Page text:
In the 1990s, Surety companies were making a lot of money thanks to a booming economy that kept contractors busy and solvent. Insurers flooded the Surety marketplace to take advantage, prices dropped, and excess capacity built up. Predictably, when the recession of the early 2000s hit, contractor defaults led to record Surety losses—with loss ratios climbing from 20 percent in 1998 to 75 percent in 2004—and insurers exited the market in droves.
The Surety market has since recovered, and the line has been a very profitable business for insurers over the last several years. As a result, capacity is increasing in both Contract and Commercial Surety.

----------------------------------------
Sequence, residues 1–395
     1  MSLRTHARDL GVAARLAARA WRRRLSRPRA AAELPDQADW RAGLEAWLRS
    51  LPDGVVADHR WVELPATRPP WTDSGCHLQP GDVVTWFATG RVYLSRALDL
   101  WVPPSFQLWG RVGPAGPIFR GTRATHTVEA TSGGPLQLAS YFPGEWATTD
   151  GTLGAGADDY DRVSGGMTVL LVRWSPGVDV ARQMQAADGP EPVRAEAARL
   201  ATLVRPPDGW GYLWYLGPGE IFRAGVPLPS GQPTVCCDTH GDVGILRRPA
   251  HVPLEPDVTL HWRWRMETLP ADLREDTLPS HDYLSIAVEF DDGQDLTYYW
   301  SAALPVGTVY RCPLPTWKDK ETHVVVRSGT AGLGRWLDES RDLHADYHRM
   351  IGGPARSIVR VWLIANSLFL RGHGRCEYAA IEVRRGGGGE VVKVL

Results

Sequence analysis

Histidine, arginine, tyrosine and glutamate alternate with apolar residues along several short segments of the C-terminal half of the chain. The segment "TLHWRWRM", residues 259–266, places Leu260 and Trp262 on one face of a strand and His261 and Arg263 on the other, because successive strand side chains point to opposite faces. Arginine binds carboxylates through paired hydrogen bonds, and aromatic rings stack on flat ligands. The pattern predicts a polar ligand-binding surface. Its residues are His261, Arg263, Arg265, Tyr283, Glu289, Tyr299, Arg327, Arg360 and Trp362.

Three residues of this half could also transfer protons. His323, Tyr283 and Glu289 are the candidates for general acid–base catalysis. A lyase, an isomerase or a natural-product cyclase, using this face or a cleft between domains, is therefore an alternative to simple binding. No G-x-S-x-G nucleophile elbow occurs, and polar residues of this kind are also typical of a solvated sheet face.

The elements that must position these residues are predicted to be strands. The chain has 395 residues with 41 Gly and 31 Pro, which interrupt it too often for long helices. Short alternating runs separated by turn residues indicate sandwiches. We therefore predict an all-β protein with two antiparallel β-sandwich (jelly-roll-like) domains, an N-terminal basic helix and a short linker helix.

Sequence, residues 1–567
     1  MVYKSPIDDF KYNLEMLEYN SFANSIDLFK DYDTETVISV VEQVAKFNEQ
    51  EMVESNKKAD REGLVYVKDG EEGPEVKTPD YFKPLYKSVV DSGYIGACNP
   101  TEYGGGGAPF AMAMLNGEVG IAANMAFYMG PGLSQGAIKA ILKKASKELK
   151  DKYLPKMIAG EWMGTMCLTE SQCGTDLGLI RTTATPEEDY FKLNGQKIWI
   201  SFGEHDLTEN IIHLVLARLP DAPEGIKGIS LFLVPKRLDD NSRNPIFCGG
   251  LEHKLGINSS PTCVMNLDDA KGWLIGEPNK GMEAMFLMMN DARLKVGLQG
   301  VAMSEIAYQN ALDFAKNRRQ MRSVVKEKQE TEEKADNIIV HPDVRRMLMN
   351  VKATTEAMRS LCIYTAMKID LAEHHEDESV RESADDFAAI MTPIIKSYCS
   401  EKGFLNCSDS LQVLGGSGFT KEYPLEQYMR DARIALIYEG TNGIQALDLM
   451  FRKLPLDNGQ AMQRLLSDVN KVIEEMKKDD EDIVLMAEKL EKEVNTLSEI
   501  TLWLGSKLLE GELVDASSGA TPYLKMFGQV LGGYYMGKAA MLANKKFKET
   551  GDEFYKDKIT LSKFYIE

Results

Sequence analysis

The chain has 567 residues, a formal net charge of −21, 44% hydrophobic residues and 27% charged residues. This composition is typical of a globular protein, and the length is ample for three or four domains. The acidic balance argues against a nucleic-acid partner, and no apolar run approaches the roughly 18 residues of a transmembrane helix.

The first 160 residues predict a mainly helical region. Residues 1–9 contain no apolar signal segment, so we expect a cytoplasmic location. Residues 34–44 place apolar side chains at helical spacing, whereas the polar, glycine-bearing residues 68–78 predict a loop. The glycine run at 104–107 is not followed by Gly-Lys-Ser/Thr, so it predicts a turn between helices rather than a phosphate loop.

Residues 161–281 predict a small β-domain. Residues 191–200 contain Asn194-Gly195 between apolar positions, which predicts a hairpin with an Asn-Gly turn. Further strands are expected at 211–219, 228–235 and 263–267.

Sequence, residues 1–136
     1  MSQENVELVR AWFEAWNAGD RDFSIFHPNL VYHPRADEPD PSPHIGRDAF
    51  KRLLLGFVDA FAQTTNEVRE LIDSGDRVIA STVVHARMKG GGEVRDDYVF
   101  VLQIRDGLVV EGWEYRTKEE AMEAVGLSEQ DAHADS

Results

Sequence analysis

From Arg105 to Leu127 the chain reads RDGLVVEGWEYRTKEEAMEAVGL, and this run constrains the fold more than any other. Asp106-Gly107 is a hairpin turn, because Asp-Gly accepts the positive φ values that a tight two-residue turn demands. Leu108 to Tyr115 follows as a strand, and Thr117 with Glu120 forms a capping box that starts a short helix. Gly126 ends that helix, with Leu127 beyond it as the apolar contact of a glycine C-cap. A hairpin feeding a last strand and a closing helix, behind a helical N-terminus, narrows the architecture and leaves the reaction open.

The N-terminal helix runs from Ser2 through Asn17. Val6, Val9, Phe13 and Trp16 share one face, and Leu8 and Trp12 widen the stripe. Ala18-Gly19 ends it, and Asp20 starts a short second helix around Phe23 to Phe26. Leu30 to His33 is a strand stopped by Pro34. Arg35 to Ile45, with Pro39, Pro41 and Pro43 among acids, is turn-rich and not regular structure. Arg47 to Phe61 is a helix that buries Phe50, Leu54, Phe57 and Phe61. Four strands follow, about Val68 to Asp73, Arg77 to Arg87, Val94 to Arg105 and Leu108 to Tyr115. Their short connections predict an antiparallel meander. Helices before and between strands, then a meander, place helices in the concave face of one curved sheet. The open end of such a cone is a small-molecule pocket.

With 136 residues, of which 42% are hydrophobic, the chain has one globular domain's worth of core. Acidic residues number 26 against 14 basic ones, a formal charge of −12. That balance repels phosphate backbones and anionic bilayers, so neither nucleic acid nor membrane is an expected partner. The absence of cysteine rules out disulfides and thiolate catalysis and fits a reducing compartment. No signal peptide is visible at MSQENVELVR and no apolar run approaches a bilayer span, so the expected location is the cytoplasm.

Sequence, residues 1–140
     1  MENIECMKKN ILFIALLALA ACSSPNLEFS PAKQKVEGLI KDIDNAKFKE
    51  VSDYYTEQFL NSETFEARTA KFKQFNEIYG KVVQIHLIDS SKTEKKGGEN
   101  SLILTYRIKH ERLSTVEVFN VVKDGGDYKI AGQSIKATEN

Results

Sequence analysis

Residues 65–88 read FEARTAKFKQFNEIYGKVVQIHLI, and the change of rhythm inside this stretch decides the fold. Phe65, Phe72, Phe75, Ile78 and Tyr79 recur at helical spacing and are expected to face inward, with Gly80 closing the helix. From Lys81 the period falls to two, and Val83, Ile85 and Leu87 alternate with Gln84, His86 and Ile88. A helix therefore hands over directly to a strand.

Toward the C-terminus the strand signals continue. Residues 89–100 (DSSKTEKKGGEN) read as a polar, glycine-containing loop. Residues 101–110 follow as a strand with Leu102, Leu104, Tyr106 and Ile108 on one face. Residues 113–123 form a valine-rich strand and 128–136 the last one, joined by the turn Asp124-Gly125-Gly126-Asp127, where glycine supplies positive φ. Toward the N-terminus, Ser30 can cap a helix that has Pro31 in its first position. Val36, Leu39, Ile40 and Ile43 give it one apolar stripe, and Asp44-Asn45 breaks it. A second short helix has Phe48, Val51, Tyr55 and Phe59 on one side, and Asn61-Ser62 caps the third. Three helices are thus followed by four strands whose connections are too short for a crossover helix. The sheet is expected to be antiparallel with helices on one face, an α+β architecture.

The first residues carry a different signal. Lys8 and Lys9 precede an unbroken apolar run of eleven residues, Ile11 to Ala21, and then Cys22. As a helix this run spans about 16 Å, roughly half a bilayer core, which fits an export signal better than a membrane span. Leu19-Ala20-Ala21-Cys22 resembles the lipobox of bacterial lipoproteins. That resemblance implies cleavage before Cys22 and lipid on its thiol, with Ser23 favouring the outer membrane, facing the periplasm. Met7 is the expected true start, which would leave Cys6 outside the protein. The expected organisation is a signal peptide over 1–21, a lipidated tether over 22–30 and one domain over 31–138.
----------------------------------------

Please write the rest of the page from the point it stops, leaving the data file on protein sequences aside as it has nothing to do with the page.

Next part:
There is also a growing trend in the use of public-private partnerships (PPPs). “With public entities having all kinds of financial difficulties, there are a lot of alternative construction deliveries being explored,” says John Welch, president of CNA Surety.